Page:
Financially speaking, whenever I go on maternity leave, there is one week unpaid (a “waiting period”) which is lame but that’s how disability pay works. I’m still confused how the four weeks paid fully by my company work in tandem with that — since disability pay will not provide any income while your company is covering your leave — but I don’t know if one of the four weeks of pay can cover the one week that isn’t paid from the state, or if you still need to take a week unpaid once those benefits run out.

I’m also completely confused about (and HR wouldn’t give me a straight answer) regarding my bonus, stock purchase plan, and vesting of my stock while on leave. Well, the stock purchase plan ceases to contribute funds while you’re on leave, since there’s no funds to contribute. That makes sense, and is one area where I’m losing money outside of core salary when I’m on leave. I was sort of told that my stock vesting would continue, but there’s no hard-and-fast rule on this, so my guess is I’ll just have to see if I lose out on a chunk of my stock vesting for the year. I think they can’t take away the shares I’m granted–only push out the vesting longer. I’m hopeful that in December at least a prorated chunk of them vest, because that’s so significant if I knew they wouldn’t I’d probably decide to not take any maternity leave. Then there’s my bonus, which, though I haven’t had this confirmed, is likely prorated based on the days I’ve worked through the year. My full bonus pre-tax is worth about $30k, so 3 months out of the office would be a loss of $8250 pre tax (not that a bonus is guaranteed or that I’d get my full bonus – but if I do get my full bonus, then 3 months out cost an additional $8k pre tax, which is not pocket change.)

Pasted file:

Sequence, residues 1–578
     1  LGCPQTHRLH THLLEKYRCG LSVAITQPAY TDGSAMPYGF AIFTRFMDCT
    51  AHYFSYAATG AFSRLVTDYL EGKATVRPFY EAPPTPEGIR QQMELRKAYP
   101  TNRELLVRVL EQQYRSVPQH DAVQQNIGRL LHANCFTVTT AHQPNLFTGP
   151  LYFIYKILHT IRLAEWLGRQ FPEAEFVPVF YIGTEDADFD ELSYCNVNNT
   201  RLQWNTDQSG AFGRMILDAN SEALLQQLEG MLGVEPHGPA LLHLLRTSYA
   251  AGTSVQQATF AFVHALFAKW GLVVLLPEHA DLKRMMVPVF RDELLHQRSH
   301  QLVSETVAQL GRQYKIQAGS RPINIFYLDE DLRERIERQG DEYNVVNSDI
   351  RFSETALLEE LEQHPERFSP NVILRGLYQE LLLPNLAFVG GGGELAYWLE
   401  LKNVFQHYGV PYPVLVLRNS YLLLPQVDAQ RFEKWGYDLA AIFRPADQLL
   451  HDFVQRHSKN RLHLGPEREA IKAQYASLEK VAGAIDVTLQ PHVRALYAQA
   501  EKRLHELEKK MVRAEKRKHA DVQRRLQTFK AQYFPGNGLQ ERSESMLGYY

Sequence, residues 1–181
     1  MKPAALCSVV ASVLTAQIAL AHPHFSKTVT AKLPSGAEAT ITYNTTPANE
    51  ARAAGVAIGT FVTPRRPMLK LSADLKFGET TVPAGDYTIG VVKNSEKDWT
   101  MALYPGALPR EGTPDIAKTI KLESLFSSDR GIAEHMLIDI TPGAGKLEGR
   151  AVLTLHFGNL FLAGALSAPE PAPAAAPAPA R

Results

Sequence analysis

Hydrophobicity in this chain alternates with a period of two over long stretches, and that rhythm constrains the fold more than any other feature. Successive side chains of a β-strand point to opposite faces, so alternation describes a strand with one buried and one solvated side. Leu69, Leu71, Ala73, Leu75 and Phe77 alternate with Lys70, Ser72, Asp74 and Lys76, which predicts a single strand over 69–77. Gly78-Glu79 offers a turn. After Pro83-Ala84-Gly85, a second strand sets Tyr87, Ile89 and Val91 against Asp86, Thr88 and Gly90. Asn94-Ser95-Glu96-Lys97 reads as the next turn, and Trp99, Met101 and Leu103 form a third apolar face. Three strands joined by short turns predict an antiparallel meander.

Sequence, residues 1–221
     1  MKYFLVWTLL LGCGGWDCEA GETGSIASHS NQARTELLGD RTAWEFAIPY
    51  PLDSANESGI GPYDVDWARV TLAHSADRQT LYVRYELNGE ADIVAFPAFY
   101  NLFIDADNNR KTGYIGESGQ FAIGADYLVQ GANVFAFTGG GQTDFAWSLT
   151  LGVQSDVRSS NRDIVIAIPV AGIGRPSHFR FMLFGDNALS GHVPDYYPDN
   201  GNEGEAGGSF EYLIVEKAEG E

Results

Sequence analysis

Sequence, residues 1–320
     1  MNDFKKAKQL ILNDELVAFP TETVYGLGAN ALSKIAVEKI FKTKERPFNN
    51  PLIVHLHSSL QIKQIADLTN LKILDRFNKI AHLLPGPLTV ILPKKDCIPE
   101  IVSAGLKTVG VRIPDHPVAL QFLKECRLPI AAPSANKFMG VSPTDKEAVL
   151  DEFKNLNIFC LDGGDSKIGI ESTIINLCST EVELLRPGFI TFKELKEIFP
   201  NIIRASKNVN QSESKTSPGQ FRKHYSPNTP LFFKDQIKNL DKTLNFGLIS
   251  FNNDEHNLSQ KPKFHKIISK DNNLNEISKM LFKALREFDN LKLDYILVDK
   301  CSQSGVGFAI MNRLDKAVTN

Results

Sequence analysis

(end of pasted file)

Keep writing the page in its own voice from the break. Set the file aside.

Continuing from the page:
This confusion and likely loss of other income leads me to want to take the least amount of maternity leave possible without being a complete idiot about it.

Choice #2 when to take “paid family leave”

I don’t actually have a choice when I return to work. Due to not being at my job for a full year when I give birth, I have to return to work once my doctor releases me from disability, which is likely six weeks after baby arrives. In those six weeks I’m covered by state disability pay and short term disability. My take home should be maybe close to what I make (I really don’t understand how it adds up and no one has an answer, so I’m just trying to set aside some savings for those weeks and hoping it isn’t that bad.) I’ll lose out on my bonus over that time and my stock purchase plan contributions–so taking that time off, which I really have to take off (my work says they won’t let me back until doctor signs a note saying I’m no longer disabled), will cost me about $10,000 pre tax. I’ll run the numbers after the fact. The biggest loss will be my prorated bonus.